Martin Calero, bartender at Barceloneta and mastermind behind New Times' 2012 Best Bloody Mary, generously explained the magic behind a great bloody mary. The first component is quite simple: fresh ingredients. Like many other restaurants turning out quality cocktails, Barceloneta makes its very own mix.
I watched as Calero added a coral splash of liquid to a tall glass. The addition was composed of a house-made gazpacho base -- a smooth blend of tomato, onion, red pepper, garlic, sherry vinegar, olive oil and salt -- inspired by the classic cool soup originating in Andalusia, Spain.
The classic bloody mary is beautiful in its rusticity, and Calero pointed out it's not necessary to peel the tomato prior to blending. In fact, the tomatoes and red peppers are only seeded in preparation for the gazpacho base.
The drink then benefits from a hefty swig of Wódka vodka -- the brand of tasty booze that's made news for its controversial ad campaigns -- and manzanilla, a dry sherry from the seaside city of Sanlúcar de Barrameda (in Andalusia). The latter adds a crisp note to the otherwise boldly flavored cocktail.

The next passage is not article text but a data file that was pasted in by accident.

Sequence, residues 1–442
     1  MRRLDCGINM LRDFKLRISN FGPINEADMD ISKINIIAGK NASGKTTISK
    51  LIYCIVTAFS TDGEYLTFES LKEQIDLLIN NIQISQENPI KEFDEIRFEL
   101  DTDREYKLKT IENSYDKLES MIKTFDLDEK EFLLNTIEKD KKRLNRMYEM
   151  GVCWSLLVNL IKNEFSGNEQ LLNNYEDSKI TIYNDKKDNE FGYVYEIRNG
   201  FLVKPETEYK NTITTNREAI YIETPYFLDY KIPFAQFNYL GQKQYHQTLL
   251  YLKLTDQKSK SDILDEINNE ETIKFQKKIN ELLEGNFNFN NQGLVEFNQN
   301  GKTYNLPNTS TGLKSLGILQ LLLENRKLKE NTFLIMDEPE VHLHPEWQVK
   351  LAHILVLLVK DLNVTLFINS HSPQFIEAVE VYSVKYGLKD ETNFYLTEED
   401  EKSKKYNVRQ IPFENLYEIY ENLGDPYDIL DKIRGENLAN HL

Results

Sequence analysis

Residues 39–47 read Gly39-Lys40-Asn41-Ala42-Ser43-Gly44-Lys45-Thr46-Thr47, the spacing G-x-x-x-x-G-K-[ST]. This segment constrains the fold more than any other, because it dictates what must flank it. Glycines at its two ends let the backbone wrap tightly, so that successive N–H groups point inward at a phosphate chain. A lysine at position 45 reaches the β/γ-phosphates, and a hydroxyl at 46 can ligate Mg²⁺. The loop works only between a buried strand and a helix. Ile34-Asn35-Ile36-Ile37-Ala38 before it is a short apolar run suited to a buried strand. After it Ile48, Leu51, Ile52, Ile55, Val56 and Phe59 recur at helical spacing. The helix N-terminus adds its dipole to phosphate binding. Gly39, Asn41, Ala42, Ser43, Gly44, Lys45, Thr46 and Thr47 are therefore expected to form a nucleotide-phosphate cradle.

Calero continues with a trio of more traditional additions: lemon juice, Tabasco, and Worcestershire sauce. The drink is finished off with a sprinkle of celery salt and freshly cracked black pepper.
Martin Calero, finishing off a bloody mary at Barceloneta
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"Some people have five or six during brunch," Calero said of the drink's popularity. Paired with a few slabs of pa amb tomàquet -- toast slathered with fresh tomatoes, garlic, olive oil and salt -- and a bite or two of Idiazábal cheese, it goes down easy.